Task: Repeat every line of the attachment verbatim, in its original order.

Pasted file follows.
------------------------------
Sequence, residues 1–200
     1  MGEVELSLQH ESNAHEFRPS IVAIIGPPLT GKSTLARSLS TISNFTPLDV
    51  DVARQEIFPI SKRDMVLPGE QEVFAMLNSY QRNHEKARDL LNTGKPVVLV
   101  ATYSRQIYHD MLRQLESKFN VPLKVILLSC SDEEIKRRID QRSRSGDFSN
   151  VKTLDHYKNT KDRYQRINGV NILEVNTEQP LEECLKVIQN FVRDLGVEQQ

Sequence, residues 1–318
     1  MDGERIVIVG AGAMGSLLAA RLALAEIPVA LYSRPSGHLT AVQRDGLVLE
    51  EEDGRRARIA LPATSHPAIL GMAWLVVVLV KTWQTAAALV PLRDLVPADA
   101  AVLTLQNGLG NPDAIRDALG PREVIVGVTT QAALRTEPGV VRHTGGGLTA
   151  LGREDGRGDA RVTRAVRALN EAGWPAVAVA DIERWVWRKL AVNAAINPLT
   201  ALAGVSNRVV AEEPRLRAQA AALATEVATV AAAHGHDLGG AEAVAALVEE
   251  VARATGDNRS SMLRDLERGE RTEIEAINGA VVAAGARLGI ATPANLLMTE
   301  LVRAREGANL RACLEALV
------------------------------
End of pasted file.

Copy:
Sequence, residues 1–200
     1  MGEVELSLQH ESNAHEFRPS IVAIIGPPLT GKSTLARSLS TISNFTPLDV
    51  DVARQEIFPI SKRDMVLPGE QEVFAMLNSY QRNHEKARDL LNTGKPVVLV
   101  ATYSRQIYHD MLRQLESKFN VPLKVILLSC SDEEIKRRID QRSRSGDFSN
   151  VKTLDHYKNT KDRYQRINGV NILEVNTEQP LEECLKVIQN FVRDLGVEQQ

Sequence, residues 1–318
     1  MDGERIVIVG AGAMGSLLAA RLALAEIPVA LYSRPSGHLT AVQRDGLVLE
    51  EEDGRRARIA LPATSHPAIL GMAWLVVVLV KTWQTAAALV PLRDLVPADA
   101  AVLTLQNGLG NPDAIRDALG PREVIVGVTT QAALRTEPGV VRHTGGGLTA
   151  LGREDGRGDA RVTRAVRALN EAGWPAVAVA DIERWVWRKL AVNAAINPLT
   201  ALAGVSNRVV AEEPRLRAQA AALATEVATV AAAHGHDLGG AEAVAALVEE
   251  VARATGDNRS SMLRDLERGE RTEIEAINGA VVAAGARLGI ATPANLLMTE
   301  LVRAREGANL RACLEALV